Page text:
Research Computing Center supports leading-edge research

Tuesday 10/01/2013

Whether it’s designing more energy-efficient aircraft or exploring the role of social networks in politics, the Research Computing Center (RCC) is often a key player in supporting groundbreaking research at FSU. In the past five years, the resources available through the RCC have helped fuel more than 1,000 researchers representing five colleges and over 25 departments at FSU.

The Research Computing Center, previously known as FSU’s Shared-High Performance Computing Center (HPC), offers a broad base of research computing and data storage services that allow FSU researchers to analyze and store large amounts of data. The Center also supports research projects from start to finish with free and dedicated consulting services on topics ranging from writing grant proposals to developing complex workflows.

The tools available to researchers through the RCC open up doors to new research opportunities and breakthroughs. When the NoleNet Express-lane, a high-speed dedicated network for the transmission of large amounts of data, opens this October, researchers will be able to move data more efficiently among local and remote resources. The ability to transmit data at faster rates not only enables researchers to meet tight deadlines, but also increases the amount of time available for experimenting and exploring more complex questions.

Steve Morey and Dmitry Dukhovskoy, Research Scientists at the Center for Ocean-Atmospheric Prediction Studies, use the RCC to conduct numerical ocean model studies of deepwater ocean currents in the Gulf of Mexico. Their research will help oil and gas companies engineer designs necessary to support safe ultra-deepwater operations for the future. “The RCC supports our research by providing the computational resources necessary for us to . . . successfully complete these contracts. Our past successes in this field . . .  are leading to additional projects.” - Steve Morey, Center for Ocean-Atmospheric Prediction Studies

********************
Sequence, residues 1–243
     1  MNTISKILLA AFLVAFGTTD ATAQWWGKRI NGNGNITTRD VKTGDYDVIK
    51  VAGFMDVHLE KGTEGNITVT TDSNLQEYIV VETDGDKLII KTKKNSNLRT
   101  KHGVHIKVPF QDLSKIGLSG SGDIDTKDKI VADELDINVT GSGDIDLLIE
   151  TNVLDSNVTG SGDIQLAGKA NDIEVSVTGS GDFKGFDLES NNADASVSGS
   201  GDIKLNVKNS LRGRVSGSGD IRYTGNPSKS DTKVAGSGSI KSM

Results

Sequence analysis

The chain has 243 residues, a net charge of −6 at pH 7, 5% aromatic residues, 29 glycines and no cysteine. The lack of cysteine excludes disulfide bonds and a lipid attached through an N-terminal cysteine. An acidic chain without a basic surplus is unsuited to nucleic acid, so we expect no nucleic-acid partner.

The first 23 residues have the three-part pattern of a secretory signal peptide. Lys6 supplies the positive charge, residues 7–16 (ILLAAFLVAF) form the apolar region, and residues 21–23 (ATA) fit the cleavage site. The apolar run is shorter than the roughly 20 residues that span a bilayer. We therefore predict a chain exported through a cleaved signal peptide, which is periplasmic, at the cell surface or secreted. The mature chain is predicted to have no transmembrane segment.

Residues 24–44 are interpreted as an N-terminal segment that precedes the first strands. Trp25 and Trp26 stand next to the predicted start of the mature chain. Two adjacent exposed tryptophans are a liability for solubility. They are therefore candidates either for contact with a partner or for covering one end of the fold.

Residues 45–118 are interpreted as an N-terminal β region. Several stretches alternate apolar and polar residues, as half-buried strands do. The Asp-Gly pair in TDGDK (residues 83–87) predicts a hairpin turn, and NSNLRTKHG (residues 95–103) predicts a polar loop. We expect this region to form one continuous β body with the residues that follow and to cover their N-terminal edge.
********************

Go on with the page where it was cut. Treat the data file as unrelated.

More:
The demand for the Center’s services contributed to the decision to rename the organization and move it under Information Technology Services (ITS) in December 2012. The Center now operates as an academic service unit of ITS, and as a result, is better-positioned to support university-wide research projects. RCC Director James Wilgenbusch considers the move a great benefit for university researchers. “There are many reasons for why positioning the RCC under ITS makes sense. Perhaps the most obvious is the fact that more and more disciplines are requiring dedicated computing and data storage resources. In other words, the RCC is not a department or a college resource; rather, the RCC is a university resource.”

In line with FSU’s U.S. News & World Report ranking as the most efficient high-quality university in the country, the Center is subsidized by the university in order to promote best practices and enable faculty and students to focus on their research instead of trying to build their own computing and data storage infrastructure. In addition, the Center’s robust, in-house research tools are an appealing incentive for researchers. “New systems are helping us attract world-class faculty and provide current faculty and students the resources they need for groundbreaking research,” states RCC Director James Wilgenbusch.

For more information on how the RCC supports leading-edge research at FSU, visit